My dad was a barber, and used barber towels galore,
My mother washed on Monday, from six A. M. to four.
Washing was work in those days in the old fashioned way,
There were no electric washers, like we have here today.

The dishes were waiting for me, stacked sky high –
I washed dishes on Mondays ’til I thought I would die,
I remember as I washed them, I thought to myself,
“Gee, I wish I belonged to somebody else. “

When I grow up and get married, there is one thing I know,
The man I marry is gonna have a lot of dough.
I’ll never make my kids work when they wanna play –
I’ll buy them candy and ice cream most every day.

And I’ll let them go out every night in the week,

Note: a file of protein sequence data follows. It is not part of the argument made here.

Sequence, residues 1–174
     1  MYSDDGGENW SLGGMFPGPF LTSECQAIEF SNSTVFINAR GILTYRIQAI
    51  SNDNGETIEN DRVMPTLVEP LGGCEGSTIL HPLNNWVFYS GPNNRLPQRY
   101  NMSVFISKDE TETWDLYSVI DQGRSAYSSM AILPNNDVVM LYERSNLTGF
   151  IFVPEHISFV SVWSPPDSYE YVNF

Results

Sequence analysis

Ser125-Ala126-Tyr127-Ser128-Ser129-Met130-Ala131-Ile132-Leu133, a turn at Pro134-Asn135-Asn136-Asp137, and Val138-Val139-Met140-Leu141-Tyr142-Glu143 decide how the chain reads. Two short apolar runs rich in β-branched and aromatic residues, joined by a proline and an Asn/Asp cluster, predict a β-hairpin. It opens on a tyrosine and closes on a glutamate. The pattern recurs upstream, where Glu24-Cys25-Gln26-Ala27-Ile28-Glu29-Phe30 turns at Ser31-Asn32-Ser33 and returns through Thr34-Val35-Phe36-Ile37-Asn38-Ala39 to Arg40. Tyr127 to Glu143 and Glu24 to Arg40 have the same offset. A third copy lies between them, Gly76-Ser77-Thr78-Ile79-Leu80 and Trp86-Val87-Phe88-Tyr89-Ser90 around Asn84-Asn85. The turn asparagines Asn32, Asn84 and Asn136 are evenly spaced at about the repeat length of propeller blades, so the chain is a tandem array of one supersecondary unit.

And never a cross word to them will I speak –
And I’ll let them go where they want to go:
I’ll be a mother that never says “no.”

But today my kids wash dishes with the self same regrets,
Because a man with the money I didn’t happen to get –
And there’s never a week goes by that I don’t have to say “no,”
To what they’d like to do, or where they want to go.

But children, remember, your Mom is your best friend in this world
II’ you want to make her happy, be a good, sweet, lovely girl.
In your joys and in your trials, let her have a part,
I”or her life revolves around you, you’re the treasure of her heart.

And as I close this little rhyme, I’d like to leave this thought with you
We hope that life will treat you kind – that all your dreams come true
But life’s a game of give and take it, a little bad comes with the good
Life is a great deal what you make it, try and make it what you should.

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